Theresa May defends child abuse inquiry as lawyer resigns
Theresa May has insisted the inquiry into child sexual abuse in England and Wales will not be scaled back despite recent setbacks.
The prime minister said she and Home Secretary Amber Rudd still had confidence in the inquiry.
She spoke after the lead counsel to the hearings, Ben Emmerson, was suspended on Wednesday and the inquiry's second most senior lawyer resigned.
Elizabeth Prochaska's resignation is said to be not linked to recent events.
Ms Prochaska told BBC Newsnight's programme: "I can confirm that after 15 months working on the Independent Inquiry into Child Sexual Abuse, I resigned from my position as junior counsel with effect from 15 September 2016.
"I very much valued the experience of working with the inquiry and I wish all my former colleagues the best as they continue their work."
Her resignation from her role as first junior counsel follows other problems faced by the inquiry, which was originally set up in 2014.
On Wednesday the inquiry said it had "recently become very concerned about aspects of Ben Emmerson QC's leadership" of his team and he had been suspended so these could be properly investigated.
The BBC understands more than one complaint has been made against him.
Preliminary hearings for the inquiry began in March at the Royal Courts of Justice in London.
But Prof Alexis Jay, the current chairwoman, is the fourth person to have been appointed to lead the inquiry, following three earlier resignations.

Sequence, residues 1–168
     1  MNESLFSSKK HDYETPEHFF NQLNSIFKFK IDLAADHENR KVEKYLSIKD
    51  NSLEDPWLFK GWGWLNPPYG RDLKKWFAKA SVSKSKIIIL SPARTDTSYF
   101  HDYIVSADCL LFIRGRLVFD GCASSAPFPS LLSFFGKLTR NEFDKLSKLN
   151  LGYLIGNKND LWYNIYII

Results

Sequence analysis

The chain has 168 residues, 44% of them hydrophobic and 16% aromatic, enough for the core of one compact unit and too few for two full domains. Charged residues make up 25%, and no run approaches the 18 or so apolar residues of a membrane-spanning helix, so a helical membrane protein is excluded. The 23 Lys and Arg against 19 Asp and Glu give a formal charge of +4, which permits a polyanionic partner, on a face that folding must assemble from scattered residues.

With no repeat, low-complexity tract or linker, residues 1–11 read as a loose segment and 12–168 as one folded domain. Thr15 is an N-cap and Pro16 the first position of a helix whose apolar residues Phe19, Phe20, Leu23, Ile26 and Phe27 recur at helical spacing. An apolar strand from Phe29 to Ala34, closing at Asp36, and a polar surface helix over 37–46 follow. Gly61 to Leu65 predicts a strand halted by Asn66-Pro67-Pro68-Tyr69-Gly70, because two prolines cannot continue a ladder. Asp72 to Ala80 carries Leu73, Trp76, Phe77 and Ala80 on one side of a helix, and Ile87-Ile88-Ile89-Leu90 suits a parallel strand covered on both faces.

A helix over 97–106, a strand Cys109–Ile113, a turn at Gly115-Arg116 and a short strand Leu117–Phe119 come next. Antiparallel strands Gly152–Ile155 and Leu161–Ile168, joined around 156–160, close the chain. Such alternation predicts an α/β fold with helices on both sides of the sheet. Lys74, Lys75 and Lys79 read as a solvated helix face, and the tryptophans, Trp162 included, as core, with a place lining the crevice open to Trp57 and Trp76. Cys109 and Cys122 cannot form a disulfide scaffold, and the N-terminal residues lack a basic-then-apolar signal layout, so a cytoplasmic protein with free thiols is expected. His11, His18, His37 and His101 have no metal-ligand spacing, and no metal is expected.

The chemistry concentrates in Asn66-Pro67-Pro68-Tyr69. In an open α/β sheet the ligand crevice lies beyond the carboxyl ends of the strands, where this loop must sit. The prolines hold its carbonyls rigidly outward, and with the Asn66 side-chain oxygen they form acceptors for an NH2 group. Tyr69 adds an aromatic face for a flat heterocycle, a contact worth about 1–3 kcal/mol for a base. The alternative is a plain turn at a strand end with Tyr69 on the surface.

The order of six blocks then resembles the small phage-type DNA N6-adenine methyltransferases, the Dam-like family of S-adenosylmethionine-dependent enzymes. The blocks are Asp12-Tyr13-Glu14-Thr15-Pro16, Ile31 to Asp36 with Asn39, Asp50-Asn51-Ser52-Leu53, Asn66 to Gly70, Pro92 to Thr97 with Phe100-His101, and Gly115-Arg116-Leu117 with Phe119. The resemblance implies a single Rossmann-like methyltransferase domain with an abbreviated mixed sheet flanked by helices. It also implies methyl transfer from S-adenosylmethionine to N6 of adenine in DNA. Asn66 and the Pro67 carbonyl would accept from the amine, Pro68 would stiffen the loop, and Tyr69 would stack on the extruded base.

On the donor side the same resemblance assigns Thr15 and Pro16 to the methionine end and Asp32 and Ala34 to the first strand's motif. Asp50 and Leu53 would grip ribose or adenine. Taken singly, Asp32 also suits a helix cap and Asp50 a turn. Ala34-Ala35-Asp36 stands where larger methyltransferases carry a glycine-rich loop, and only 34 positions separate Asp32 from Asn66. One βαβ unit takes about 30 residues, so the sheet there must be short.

Prime Minister Theresa May said the "really important" hearings would go ahead as planned.
Speaking during a visit to Wiltshire, she said: "I set the inquiry up when I was home secretary and the current home secretary has made clear the original terms of reference were the right ones and I think that's important.
"We should always remember why it is that the inquiry was set up in the first place and when those terms of reference were set they were agreed with victims and survivors and it is victims and survivors who are at the heart of this inquiry."
In a statement, the inquiry thanked Ms Prochaska for her "commitment" and "the valuable contribution that she made to its work".
It also described the recent events as "unsettling, particularly for victims and survivors of child sexual abuse and all those who are engaged with the inquiry's work".
The inquiry added: "It has been said that the inquiry is in crisis. This is simply not the case, and the chair and panel are united in their determination to see this important work through to a conclusion."
The inquiry was set up to examine whether public bodies including the police have failed in their duty to protect children from sexual abuse. It will also examine claims of abuse involving "well-known people".